Modulation of memory with septal injections of morphine and glucose: Effects on extracellular glucose levels in the hippocampus

Ewan C. McNay, Clinton E. Canal, Robert S. Sherwin, Paul Ernest Gold

Research output: Contribution to journalArticle

26 Scopus citations

Abstract

The concentration of glucose in the extracellular fluid (ECF) of the hippocampus decreases substantially during memory testing on a hippocampus-dependent memory task. Administration of exogenous glucose, which enhances task performance, prevents this decrease, suggesting a relationship between hippocampal glucose availability and memory performance. In the present experiment, spontaneous alternation performance and task-related changes in hippocampal ECF glucose were assessed in rats after intraseptal administration of morphine, which impairs memory on a spontaneous alternation task, and after co-administration of intraseptal glucose, which attenuates that impairment. Consistent with previous findings, spontaneous alternation testing resulted in a decrease in hippocampal ECF glucose levels in control rats. However, rats that received intraseptal morphine prior to testing showed memory impairments and an absence of the task-related decrease in hippocampal ECF glucose levels. Intraseptal co-administration of glucose with morphine attenuated the memory impairment, and ECF glucose levels in the hippocampus decreased in a manner comparable to that seen in control rats. These data suggest that fluctuations in hippocampal ECF glucose levels may be a marker of mnemonic processing and support the view that decreases in extracellular glucose during memory testing reflect increased glucose demand during memory processing.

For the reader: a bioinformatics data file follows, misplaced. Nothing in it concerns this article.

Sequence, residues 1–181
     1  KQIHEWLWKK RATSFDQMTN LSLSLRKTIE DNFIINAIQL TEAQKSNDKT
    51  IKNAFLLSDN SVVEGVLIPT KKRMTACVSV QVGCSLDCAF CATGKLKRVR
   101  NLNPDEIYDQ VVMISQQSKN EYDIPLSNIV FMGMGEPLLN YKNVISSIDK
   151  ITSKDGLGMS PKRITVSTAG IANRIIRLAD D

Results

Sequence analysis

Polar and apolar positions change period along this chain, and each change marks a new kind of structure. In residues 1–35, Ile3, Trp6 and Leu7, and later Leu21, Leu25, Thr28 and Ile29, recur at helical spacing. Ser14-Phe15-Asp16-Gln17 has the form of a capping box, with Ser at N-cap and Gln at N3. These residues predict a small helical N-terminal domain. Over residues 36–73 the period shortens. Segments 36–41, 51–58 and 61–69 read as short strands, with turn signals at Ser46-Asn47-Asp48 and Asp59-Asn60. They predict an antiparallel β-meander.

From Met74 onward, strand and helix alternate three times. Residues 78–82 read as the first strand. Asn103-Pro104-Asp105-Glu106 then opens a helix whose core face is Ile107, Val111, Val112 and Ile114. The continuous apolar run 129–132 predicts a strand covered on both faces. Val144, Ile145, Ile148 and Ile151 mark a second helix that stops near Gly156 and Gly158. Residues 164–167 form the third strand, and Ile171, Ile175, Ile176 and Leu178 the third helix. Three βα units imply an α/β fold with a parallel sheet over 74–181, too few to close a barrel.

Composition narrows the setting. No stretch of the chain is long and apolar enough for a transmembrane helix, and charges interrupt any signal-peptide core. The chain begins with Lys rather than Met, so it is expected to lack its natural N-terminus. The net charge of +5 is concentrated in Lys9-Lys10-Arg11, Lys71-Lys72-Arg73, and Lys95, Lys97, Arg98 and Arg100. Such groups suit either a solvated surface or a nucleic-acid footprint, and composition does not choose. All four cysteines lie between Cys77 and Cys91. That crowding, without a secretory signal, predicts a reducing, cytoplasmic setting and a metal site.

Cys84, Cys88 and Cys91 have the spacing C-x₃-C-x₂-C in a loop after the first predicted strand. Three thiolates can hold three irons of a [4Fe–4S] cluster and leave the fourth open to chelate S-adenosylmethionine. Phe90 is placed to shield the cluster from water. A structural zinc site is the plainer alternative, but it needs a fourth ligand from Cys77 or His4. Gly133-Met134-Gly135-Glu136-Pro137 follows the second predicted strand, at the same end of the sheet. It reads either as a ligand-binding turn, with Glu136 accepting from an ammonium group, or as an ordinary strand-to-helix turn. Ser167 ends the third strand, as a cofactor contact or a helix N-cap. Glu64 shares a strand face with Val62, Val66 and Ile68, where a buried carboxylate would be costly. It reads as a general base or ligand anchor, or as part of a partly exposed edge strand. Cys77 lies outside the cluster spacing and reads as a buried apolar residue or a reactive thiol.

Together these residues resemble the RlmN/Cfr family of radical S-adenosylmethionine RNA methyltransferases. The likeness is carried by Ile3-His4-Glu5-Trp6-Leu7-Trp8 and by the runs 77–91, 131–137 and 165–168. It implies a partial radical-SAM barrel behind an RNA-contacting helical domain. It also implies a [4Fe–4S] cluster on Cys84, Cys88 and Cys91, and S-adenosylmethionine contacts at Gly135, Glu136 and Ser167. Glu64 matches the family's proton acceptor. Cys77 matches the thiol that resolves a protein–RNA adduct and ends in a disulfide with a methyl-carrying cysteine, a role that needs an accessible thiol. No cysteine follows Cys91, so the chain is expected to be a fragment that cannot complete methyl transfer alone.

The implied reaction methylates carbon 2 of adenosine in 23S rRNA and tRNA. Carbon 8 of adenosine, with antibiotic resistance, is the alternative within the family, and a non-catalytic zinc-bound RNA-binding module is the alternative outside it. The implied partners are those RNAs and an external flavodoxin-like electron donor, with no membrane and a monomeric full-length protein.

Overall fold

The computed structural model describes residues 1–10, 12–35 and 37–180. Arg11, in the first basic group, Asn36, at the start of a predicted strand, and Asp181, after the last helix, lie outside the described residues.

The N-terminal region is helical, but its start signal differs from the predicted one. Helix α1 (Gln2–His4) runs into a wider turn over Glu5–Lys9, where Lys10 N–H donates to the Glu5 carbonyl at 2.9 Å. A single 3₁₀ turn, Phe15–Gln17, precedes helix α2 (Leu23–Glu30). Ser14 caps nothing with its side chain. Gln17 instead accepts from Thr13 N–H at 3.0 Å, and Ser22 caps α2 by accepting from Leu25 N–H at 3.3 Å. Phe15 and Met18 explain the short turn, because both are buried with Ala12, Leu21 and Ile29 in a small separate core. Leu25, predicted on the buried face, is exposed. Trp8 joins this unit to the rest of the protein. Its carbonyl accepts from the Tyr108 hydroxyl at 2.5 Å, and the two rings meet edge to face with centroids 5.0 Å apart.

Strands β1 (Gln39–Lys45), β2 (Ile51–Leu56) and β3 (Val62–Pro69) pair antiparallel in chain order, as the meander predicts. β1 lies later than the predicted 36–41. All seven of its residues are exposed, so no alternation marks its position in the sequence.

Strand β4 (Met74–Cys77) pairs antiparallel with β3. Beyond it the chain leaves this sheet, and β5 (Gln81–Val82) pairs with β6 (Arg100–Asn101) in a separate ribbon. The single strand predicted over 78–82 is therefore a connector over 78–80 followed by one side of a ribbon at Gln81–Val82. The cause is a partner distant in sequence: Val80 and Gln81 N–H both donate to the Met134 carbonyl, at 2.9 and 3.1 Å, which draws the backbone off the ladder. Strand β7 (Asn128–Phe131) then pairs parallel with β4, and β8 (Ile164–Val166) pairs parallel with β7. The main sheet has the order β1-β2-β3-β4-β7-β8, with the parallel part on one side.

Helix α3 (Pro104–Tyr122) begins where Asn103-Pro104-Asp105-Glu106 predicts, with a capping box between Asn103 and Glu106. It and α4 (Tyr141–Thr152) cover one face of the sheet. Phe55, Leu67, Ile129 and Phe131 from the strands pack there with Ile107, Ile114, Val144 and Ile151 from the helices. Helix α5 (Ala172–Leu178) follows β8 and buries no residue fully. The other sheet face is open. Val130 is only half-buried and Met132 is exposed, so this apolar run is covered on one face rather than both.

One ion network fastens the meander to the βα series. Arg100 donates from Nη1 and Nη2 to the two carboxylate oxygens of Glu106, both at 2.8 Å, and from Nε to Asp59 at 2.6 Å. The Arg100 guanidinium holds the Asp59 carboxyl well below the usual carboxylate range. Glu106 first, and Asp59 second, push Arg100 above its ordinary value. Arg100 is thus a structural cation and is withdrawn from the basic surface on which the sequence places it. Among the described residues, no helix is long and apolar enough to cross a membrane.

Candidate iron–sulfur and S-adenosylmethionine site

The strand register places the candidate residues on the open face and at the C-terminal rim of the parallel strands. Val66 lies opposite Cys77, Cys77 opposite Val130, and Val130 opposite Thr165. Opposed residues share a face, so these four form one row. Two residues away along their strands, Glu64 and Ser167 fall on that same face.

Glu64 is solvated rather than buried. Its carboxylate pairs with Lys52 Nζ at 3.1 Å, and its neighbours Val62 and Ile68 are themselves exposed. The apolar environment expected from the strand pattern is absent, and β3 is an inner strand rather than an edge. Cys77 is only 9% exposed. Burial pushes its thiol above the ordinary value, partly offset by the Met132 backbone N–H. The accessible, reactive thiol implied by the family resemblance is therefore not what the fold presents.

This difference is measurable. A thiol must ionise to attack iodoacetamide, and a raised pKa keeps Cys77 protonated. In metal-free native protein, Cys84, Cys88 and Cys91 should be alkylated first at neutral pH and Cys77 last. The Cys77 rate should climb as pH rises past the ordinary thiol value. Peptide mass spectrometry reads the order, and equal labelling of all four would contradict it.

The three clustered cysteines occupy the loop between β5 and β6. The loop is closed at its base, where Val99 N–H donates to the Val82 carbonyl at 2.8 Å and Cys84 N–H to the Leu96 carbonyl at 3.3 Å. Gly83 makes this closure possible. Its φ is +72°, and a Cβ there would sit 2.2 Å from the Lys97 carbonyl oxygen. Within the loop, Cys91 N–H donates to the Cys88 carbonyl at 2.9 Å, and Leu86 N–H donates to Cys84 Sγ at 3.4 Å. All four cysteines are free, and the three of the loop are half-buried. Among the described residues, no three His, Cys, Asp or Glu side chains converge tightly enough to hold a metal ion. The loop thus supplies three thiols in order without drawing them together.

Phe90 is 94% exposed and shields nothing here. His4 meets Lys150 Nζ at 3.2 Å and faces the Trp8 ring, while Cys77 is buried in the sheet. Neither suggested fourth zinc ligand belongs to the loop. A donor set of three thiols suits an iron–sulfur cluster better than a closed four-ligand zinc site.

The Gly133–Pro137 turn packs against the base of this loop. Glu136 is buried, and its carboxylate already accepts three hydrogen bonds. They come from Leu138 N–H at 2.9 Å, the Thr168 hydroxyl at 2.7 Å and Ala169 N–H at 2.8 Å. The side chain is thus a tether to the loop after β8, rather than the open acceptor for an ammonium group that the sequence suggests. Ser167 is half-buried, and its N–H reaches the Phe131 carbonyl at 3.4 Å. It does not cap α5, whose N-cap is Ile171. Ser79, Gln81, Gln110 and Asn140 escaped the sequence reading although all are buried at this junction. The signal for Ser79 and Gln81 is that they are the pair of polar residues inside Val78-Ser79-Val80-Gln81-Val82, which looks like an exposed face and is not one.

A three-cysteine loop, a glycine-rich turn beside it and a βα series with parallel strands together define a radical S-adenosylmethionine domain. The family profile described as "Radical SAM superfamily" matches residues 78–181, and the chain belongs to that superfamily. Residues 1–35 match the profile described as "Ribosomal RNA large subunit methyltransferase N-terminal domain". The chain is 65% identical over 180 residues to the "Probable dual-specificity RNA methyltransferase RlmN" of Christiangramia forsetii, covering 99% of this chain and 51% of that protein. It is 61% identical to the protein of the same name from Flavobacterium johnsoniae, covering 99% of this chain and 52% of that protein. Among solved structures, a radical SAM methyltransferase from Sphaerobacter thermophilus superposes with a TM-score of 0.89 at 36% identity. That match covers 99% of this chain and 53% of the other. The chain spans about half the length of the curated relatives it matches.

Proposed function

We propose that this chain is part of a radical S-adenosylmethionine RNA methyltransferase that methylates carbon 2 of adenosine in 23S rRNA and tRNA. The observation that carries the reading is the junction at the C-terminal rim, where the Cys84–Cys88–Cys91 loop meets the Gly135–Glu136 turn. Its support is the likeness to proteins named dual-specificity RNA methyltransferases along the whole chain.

Original languageEnglish (US)
Pages (from-to)298-303
Number of pages6
JournalPhysiology and Behavior
Volume87
Issue number2
DOIs
StatePublished - Feb 28 2006
Externally publishedYes

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Keywords

  • Glucose
  • Hippocampus
  • Medial septum
  • Memory
  • Morphine
  • Spontaneous alternation

ASJC Scopus subject areas

  • Behavioral Neuroscience
  • Physiology (medical)

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